It is not enough, however, to train the negro for industry. Industry must be open to him upon a basis of justice. In the past it has been the industrial part of the color line that has most impeded the negro's progress. He has been barred from the trades to a serious extent by the facts of his being barred from membership in the laborunions of the country. But now a start has been made toward correcting this feature of the race situation. At its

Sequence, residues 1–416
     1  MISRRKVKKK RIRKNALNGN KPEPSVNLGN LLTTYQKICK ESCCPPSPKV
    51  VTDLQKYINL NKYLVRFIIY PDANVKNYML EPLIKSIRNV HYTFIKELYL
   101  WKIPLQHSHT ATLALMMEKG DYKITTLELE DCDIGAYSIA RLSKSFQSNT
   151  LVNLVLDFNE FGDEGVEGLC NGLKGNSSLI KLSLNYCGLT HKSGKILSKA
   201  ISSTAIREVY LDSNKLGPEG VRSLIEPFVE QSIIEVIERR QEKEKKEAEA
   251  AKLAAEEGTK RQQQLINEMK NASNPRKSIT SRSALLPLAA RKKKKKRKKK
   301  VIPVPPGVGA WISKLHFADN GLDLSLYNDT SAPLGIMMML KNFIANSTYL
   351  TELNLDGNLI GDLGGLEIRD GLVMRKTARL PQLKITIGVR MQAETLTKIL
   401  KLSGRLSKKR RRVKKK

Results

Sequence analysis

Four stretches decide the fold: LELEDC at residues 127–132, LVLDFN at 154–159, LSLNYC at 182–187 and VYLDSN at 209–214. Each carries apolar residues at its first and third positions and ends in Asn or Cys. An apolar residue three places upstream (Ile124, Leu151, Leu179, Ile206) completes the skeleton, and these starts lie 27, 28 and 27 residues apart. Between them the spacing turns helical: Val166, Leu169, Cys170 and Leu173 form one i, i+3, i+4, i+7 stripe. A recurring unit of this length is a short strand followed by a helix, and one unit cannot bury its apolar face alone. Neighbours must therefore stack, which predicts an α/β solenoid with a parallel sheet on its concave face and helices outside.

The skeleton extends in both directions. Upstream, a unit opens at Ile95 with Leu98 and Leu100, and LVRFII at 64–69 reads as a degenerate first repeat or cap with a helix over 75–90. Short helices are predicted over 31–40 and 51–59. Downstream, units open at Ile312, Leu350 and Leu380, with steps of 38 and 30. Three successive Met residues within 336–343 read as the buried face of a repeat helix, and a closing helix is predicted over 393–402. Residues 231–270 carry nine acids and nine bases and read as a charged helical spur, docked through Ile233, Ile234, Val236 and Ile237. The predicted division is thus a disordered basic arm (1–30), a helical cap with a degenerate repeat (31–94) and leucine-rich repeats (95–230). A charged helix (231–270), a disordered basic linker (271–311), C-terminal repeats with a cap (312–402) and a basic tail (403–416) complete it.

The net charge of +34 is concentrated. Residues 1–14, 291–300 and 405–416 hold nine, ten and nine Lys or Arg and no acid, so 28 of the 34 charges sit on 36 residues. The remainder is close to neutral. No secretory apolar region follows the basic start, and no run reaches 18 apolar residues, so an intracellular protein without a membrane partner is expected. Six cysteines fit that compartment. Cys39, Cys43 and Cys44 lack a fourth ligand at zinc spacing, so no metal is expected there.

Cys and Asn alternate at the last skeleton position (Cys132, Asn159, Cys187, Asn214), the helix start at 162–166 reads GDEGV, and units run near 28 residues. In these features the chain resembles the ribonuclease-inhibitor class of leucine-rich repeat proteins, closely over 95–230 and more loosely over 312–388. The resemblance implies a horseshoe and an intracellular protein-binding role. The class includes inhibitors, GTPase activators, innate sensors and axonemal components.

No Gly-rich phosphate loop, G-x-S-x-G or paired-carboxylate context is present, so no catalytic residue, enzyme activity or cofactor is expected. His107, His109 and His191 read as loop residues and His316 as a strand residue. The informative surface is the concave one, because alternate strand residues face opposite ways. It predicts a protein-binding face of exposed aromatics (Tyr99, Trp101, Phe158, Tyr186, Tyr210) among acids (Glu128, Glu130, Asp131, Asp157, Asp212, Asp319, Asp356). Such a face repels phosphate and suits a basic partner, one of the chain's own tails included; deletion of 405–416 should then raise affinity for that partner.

recent Atlantic City meeting the American Federation of Labor voted to grant unconditional membership to the negro. Afro-American periodicals here and there refer to this step as next in importance to the abolition of chattel slavery. Theoretically this decision of the federation makes it possible for the negro workman to enter all of the skilled and better-paid trades and carry on a genuine test of merit unhampered by racial discrimination. This action of the federation was not inspired by any abstract theory of the race problem, but was the inevitable result of conditions brought about by the war. I have already referred to the fact that the withdrawal of many white American workmen from industry for military service, the return of so many Italians and other South-European laborers to their native lands for war duty, and the practical cessation of immigration during the war resulted in a labor shortage in Northern industries; that this resulted in a great influx of negro labor into the Northern States. The American Federation of Labor had to reckon with the presence of this great body of colored workmen already in Northern industry as a result of the migration of the last three years. It saw that the great need for labor during the reconstruction period, coupled with an imminent restriction of immigration by Congressional act, would probably keep a steady stream of negro labor flowing from the South for some time to come. If this mass of colored workmen should be left unorganized or admitted to a qualified membership only, there would be great danger to organized white labor in the use of colored workmen as strike-breakers. If the mass of negro workmen in Northern industries, dissatisfied with discriminatory treatment at the hands of organized labor, were made available as "scab" labor, a complicated situation would obtain. The American Federation of Labor saw this and hastened to throw its doors open to the negro. If this vote can be translated into fact, labor will face the issues of the new era with a solid front.